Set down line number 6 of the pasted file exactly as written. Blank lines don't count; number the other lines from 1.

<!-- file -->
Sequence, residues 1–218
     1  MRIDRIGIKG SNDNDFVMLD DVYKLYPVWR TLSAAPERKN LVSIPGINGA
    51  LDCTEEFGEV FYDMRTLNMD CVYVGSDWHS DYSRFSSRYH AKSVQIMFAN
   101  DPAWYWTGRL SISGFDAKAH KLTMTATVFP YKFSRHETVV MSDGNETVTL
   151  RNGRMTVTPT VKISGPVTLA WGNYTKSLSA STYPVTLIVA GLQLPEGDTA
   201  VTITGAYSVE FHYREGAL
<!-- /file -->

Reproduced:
   201  VTITGAYSVE FHYREGAL